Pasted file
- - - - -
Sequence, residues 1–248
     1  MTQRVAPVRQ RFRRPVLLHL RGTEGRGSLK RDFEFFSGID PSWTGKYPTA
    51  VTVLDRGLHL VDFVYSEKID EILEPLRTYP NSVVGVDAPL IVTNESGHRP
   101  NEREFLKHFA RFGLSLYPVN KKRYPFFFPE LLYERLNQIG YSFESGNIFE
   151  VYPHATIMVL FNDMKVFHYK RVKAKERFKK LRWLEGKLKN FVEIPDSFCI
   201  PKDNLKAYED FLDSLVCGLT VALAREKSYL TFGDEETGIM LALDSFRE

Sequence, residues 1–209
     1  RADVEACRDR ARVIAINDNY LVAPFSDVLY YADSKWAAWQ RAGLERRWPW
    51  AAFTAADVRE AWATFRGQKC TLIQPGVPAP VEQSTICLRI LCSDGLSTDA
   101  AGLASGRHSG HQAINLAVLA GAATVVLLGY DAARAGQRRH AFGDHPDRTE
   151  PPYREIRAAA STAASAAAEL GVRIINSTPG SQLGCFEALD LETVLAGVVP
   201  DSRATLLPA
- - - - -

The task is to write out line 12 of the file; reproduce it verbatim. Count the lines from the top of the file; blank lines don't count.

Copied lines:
   201  DSRATLLPA